Many families use donor-advised funds to teach the next generation about philanthropy. Before the December holidays, for example, parents or grandparents tell their kids or grandkids to research charities they'd like to support and then during the holiday celebration explain why they chose those them. Then, the owner of the donor-advised fund makes a contribution to those nonprofits.

The children "talk about why they want to give where they want to give, and they end up changing the hearts and minds of people in their families," says Kim Laughton, president of Schwab Charitable. "Sometimes the grandparents start to support the grandchildren's charities, too."

Kim Laughton
Kim Laughton

Crowdsourcing services like GoFundMe and Fundly and digital cash transfer services like Venmo and GiveDirectly have become popular ways to make charitable contributions to specific people in need due to the pandemic. Some recipients are financially strapped because they lost their jobs and need help paying the rent or buying groceries. Others have huge COVID-19 medical bills.

The crowdsourcing services let unlimited numbers of people donate to those who've set up campaigns for assistance. With digital cash transfer apps, you can automatically transfer cash from your bank account to the account of someone in need.

According to The Wall Street Journal, more than $100 million has been raised to pay basic living expenses through tens of thousands of GoFundMe fundraisers.

Community foundations specialize in giving on the local level. They know the small nonprofits that are doing important work but often fly under the radar. In 2020, many of these foundations have created funds for the COVID-19 relief needs in their area.

The Community Foundation for Greater Atlanta, for example, raised more than $25 million from donors across the region for its COVID-19 Response and Recovery Fund. It distributes the money to local organizations through grants focusing primarily on basic needs, such as food, housing, child care, education and mental health services. The fund also focused one round of grants on BIPOC-led (Black, Indigenous and People of Color) organizations.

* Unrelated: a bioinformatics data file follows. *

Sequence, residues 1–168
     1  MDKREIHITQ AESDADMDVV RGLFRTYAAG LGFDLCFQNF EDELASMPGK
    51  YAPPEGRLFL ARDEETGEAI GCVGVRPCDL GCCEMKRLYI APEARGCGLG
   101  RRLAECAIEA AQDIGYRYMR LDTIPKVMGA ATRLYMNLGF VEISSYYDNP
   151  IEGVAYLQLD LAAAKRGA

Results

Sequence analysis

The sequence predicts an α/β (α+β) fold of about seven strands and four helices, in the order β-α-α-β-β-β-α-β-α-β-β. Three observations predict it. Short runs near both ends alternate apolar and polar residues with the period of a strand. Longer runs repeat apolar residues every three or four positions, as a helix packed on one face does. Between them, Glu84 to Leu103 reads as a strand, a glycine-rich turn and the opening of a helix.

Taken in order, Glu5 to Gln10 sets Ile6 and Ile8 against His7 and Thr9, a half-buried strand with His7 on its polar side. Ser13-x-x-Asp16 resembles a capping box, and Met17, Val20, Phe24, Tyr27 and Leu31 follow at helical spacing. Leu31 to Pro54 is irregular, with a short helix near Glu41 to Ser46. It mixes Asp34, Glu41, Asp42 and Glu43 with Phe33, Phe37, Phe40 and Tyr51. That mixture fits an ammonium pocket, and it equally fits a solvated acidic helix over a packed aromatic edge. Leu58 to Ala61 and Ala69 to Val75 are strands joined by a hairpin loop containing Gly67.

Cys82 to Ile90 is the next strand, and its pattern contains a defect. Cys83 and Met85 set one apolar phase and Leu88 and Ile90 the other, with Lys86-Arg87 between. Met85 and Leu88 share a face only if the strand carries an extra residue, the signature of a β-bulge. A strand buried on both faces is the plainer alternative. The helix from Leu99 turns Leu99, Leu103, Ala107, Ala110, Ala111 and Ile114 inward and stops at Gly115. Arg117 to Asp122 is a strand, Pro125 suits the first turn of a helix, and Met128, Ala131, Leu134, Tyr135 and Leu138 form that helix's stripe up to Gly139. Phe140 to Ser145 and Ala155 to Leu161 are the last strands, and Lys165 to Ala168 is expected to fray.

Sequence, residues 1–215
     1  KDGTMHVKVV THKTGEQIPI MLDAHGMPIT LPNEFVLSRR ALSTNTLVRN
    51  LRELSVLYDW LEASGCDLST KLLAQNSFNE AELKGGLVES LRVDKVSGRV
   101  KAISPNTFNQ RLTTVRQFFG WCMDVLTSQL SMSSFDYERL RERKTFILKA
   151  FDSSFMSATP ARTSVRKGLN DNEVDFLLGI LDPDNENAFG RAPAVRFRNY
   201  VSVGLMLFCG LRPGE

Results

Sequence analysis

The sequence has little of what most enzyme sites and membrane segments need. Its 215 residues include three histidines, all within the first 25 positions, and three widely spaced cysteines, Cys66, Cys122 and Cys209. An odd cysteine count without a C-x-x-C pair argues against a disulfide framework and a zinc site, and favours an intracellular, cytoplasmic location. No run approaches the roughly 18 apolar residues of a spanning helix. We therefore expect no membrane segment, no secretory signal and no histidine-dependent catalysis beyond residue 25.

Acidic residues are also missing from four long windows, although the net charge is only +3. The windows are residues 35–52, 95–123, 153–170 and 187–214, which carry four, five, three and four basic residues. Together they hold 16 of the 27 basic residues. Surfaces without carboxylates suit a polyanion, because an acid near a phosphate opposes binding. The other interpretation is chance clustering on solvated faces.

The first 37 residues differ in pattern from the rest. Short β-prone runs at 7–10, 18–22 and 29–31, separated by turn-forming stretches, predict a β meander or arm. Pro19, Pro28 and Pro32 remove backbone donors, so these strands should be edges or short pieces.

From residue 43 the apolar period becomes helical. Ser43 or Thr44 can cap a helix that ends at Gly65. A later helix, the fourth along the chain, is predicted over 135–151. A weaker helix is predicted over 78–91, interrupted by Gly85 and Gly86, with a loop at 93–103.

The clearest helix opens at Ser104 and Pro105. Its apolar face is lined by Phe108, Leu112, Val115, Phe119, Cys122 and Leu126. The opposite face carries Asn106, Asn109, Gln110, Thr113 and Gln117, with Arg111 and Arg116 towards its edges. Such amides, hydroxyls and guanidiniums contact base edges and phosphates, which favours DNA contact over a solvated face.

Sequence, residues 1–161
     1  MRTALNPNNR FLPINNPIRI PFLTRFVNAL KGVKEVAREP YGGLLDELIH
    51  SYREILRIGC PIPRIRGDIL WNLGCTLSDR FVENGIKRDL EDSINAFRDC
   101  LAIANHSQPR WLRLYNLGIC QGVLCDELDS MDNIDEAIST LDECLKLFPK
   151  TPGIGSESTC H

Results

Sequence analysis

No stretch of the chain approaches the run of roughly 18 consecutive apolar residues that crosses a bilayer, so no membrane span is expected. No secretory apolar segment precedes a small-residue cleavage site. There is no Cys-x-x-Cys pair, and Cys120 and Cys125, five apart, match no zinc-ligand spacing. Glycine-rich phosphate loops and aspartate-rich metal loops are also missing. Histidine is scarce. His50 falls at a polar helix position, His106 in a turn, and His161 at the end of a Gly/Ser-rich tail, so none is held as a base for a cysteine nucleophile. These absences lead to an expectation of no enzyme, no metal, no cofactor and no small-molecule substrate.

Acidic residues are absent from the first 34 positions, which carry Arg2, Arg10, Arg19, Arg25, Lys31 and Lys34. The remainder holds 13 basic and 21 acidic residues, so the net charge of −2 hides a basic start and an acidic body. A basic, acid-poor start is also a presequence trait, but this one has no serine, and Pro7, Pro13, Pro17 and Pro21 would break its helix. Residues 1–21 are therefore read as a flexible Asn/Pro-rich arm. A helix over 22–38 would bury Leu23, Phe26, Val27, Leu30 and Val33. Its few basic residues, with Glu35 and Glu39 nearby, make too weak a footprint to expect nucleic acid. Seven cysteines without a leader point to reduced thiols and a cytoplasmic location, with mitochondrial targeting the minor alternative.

"Community foundations have pre-existing, trusted relationships with donors and nonprofits that are on the front lines of providing services for residents," says Terry Mazany, senior vice president of philanthropy for the Community Foundation for Greater Atlanta. "They have that ready capacity to be able to receive and deploy resources, knowledgeable staff and pre-vetted recipients." he says.

There are about 700 community foundations across the country. You can find one in your area at the Council of Foundations website.

Giving circles are organized by some community foundations and other groups to let local donors combine forces. "These are groups of individuals that come together to pool some part of their charitable giving resources and make high-impact grants together," says Bailey. "Many of these groups are race- or neighborhood-based, or another identity factor that knits them together."

Bailey makes donations to an African American giving circle in her community. "It's a good way for allyship, and a way that my dollars can get to these organizations that are boots on the ground," she says.